The meeting began with the police report of Mayor James Cassidy: 901 calls responded to, 25 narcotics arrests, and five DUIs.
He also said he received a complaint about a boarded-up house on Rustic Ave. which is an eyesore. The property is owned by an LLC holding company. Code enforcement officials will investigate.
In the engineer's report, Mrs. Michener said the plan for the next six months is for engineer Kurt Todd to be at the agenda meetings only. The public may attend and ask questions of the engineer at that time.
As of October, the Pennsylvania American Water Company will only collect water bills, and not sewage bills.
SHACOG will gather sewage collector preferences from all its member municipalities, and then check for the best price before making its choice.
Mr. Farneth asked attendees to let him know if they prefer monthly or quarterly bills.
In the public safety report, Mr. Sains said there were 25 narcotics arrests, five arrests, 14 park-and-walks, 13 targeted patrols, and two crowd control actions by the police.
To a question from Mrs. Michener about parking ticket fines, he said he would bring proposed fee changes before council in July.
In the public works report, Mr. McGough said 80 percent of the repairs the water company planned to make this summer are completed. The gas company also started repair work.
The borough's street department began line painting. As the job costs the borough thousands of dollars, Mr. McGough asked if the side streets must be done every year.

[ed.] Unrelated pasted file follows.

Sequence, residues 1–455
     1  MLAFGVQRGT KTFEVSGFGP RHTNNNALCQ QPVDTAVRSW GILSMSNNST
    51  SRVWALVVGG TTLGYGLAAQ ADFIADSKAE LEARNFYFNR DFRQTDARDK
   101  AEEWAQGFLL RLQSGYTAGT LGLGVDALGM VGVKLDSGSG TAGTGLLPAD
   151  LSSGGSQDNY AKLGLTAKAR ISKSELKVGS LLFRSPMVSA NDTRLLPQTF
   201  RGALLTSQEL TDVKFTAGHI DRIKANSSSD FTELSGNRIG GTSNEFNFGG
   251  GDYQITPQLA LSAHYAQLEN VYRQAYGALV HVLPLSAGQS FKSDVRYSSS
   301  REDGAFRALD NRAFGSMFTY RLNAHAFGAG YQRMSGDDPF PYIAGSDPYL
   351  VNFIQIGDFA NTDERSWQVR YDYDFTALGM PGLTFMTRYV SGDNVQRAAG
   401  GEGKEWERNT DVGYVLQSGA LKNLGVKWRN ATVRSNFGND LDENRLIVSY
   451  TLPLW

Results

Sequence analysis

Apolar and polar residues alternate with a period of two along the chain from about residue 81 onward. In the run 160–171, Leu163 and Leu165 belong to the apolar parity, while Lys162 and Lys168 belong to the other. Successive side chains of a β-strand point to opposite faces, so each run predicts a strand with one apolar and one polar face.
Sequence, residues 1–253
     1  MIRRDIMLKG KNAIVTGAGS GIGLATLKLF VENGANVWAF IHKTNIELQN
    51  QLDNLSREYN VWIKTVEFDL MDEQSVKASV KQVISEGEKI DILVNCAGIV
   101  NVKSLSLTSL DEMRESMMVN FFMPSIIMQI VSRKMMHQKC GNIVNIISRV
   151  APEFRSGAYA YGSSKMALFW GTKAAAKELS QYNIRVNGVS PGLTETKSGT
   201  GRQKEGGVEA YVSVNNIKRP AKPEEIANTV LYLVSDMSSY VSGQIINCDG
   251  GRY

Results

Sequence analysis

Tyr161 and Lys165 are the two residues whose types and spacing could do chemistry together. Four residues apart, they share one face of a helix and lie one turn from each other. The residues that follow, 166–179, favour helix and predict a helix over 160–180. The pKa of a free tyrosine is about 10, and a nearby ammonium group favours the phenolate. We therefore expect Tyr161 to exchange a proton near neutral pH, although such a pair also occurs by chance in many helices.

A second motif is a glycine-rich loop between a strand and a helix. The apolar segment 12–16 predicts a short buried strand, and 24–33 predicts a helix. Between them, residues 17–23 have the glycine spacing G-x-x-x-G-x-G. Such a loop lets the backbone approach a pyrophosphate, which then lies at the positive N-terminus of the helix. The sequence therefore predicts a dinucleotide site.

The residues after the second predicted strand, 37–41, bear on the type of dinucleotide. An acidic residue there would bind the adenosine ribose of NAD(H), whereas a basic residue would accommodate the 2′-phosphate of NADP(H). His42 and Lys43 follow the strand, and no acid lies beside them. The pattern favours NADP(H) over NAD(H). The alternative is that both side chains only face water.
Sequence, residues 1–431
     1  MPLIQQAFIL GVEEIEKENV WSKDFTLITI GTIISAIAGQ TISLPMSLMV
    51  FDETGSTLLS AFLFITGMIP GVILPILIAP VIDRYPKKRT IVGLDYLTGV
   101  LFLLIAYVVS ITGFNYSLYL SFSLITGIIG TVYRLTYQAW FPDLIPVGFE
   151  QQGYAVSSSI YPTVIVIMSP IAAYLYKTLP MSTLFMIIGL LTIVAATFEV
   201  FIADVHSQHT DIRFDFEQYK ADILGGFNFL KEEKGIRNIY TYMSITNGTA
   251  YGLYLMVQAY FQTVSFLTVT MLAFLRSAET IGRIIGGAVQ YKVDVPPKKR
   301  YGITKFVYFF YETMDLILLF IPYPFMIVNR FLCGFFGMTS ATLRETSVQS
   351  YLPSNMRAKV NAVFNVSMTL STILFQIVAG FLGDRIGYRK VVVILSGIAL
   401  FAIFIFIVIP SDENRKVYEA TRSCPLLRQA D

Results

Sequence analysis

Mrs. Michener said the borough needs a program and a list of yellow lines. A sign must accompany each yellow line.
Mr. McGough also questioned if the traffic light at Hays and Ormsby avenues could be replaced with four-way stop signs. It cost the borough $5,000 to repair the traffic light in February.
Police Chief Frank Mosesso said only PennDOT can make the decision to remove a traffic light.
"People respect a stop light a lot more than a stop sign," said Mr. Sains.
Mr. Cassidy said three walkers were hit at the traffic light intersection in the past year, while Mr. Malloy said school busses load and unload there. A resident said a lot of children play on Hays.
Mr. Farneth said the police patrols in the area for tracking speeders are effective.
Council next voted to buy a cell phone for street commissioner Ron Smith at a maximum of $100. Two other phones will be discontinued.
To conclude his report, Mr. McGough said there is a dog problem on his street. Noting he was recently bitten, he does not want to see a child bitten, and told attendees to contact the borough if they spot dogs running loose.
Chief Mosesso said if bitten by a dog, the person must file a formal complaint with the police, who then file a report. The matter then goes to the magistrate.